New-StMetro-EZsmallArriving in Birmingham by train has, for as long as we can remember, been a fairly unremarkable event. New Street station has few auspicious qualities as an entry point to the city, from its basement platforms to its daylight-free main concourse, even the station’s entry and exit points. There’s no sense of arrival at – or departure from – any sort of discernible building, a state in stark contrast to not just London’s many termini, but also, say, Bristol Temple Meads or Manchester Piccadilly.


Well, you’d had to have been living under a very distant rock indeed not to have noticed how that long-standing lamentable state of affairs is nearing its end. A process is underway that is seeing New Street station transform, out of all recognition, into a true city gateway with an exterior that quite literally reflects a radically remodelled surrounding skyline and an interior concourse that is daylight lit in extremis.

So far so good, but what happens you’re actually out on the street? That’s hardly been a fanfare of beautiful urban planning and transport connectivity. Once you’re in the city centre, getting from one side of it to the other has been a somewhat 1970s-style affair of random queues and buses, blocked streets, and jerky, cramped on-board misery. Well that too is about to change with the extension of Birmingham’s tram line, set to link New Street and Snow Hill stations on a pleasant glide along Corporation Street, Stephenson Street and Bull Street.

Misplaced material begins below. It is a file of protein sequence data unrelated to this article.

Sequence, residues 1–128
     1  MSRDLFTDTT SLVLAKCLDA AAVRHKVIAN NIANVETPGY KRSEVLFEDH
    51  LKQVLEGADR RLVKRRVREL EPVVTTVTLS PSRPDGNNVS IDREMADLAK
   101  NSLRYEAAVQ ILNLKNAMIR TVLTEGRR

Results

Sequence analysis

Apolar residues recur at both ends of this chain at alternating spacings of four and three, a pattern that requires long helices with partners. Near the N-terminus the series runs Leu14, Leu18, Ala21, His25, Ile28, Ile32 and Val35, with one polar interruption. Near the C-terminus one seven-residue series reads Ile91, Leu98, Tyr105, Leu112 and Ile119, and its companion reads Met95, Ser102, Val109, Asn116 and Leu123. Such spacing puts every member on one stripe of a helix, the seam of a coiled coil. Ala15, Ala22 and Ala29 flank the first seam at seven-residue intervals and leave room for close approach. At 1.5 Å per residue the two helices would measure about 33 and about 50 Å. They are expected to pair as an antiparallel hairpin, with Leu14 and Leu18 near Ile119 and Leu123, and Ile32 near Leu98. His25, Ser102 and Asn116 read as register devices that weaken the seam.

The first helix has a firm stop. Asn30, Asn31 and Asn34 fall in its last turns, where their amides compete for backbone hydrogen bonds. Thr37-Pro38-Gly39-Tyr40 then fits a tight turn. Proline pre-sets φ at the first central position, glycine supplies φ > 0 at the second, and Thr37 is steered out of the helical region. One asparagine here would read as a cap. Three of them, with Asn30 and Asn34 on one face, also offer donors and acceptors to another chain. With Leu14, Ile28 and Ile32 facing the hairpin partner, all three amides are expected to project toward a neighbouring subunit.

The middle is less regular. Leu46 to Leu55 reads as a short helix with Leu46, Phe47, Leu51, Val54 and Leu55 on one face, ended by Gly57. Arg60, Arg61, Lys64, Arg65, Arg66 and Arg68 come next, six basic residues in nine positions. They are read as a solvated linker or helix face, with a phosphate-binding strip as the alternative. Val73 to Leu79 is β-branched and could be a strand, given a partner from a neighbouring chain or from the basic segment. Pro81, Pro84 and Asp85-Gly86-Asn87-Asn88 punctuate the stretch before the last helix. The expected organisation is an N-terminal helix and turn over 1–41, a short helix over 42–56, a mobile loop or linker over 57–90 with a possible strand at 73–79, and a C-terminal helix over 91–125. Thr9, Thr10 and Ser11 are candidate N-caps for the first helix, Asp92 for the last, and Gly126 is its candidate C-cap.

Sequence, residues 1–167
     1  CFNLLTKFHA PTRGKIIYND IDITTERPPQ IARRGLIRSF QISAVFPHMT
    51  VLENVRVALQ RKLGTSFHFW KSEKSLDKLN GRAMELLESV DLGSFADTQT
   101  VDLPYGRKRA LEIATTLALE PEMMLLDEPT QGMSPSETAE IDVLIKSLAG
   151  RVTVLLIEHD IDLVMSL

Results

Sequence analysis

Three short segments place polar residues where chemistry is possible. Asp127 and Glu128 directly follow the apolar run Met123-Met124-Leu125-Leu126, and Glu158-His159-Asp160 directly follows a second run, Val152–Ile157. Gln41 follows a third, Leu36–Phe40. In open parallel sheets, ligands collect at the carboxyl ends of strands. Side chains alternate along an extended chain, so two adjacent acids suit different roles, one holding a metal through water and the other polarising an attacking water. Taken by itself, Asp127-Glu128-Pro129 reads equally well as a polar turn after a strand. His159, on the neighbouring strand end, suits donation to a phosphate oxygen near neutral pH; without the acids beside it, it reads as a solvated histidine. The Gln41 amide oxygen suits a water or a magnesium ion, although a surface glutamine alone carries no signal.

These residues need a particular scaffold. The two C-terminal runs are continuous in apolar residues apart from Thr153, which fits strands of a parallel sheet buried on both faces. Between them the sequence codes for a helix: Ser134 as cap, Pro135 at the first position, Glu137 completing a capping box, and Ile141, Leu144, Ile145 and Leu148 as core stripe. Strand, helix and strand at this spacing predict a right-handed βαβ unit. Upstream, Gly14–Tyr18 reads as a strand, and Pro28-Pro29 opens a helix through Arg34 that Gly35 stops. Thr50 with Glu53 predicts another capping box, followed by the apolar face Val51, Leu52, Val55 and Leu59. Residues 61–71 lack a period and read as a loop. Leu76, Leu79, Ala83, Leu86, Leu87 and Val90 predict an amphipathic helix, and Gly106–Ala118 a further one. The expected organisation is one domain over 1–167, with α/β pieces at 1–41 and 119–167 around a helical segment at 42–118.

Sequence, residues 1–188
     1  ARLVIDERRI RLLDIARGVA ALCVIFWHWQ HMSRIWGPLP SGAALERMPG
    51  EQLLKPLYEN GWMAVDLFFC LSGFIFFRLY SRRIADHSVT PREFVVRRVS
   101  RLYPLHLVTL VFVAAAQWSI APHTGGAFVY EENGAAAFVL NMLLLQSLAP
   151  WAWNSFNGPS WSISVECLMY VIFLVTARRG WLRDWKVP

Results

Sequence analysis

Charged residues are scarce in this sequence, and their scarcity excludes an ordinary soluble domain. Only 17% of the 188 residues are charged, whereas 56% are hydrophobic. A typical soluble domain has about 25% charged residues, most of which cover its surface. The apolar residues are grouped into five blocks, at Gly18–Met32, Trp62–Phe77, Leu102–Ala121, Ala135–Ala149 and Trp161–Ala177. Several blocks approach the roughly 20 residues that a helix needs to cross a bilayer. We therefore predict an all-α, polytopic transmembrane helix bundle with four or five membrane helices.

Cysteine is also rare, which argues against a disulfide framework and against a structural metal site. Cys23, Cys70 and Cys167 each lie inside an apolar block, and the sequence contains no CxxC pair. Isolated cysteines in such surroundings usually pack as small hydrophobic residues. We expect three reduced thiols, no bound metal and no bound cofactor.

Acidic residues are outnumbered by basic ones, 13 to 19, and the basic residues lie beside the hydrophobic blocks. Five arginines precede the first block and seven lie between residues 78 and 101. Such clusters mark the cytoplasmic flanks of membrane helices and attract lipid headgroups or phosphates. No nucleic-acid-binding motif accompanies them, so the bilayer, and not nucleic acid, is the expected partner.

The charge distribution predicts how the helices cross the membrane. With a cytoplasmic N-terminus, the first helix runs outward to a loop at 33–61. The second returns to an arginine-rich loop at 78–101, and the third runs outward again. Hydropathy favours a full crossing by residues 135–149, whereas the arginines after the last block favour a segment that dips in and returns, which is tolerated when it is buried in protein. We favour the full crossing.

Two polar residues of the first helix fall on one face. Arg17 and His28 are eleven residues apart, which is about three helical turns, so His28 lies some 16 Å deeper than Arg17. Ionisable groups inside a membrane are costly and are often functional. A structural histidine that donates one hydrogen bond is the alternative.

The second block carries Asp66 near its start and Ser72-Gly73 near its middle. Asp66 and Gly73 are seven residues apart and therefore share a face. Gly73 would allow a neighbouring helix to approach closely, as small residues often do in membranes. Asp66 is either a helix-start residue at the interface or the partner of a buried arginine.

The new trams will each have a capacity of 210 people (that’s about 3 to 4 buses worth) and not only do they look really cool, they’ll also stay cool as they’re fully air-conditioned (Winter worriers fear not, there’s heating too). Add to that low level accessibility, fast in and outs with 6 sets of doors on each side and multimedia screen updates, and you have a far more joyous experience all round for Brummies and visitors to Birmingham.

Everyone’s downing tools about now to allow for the Christmas shopping and Frankfurt Market craziness, but works commence again early in January. Happy new year to that!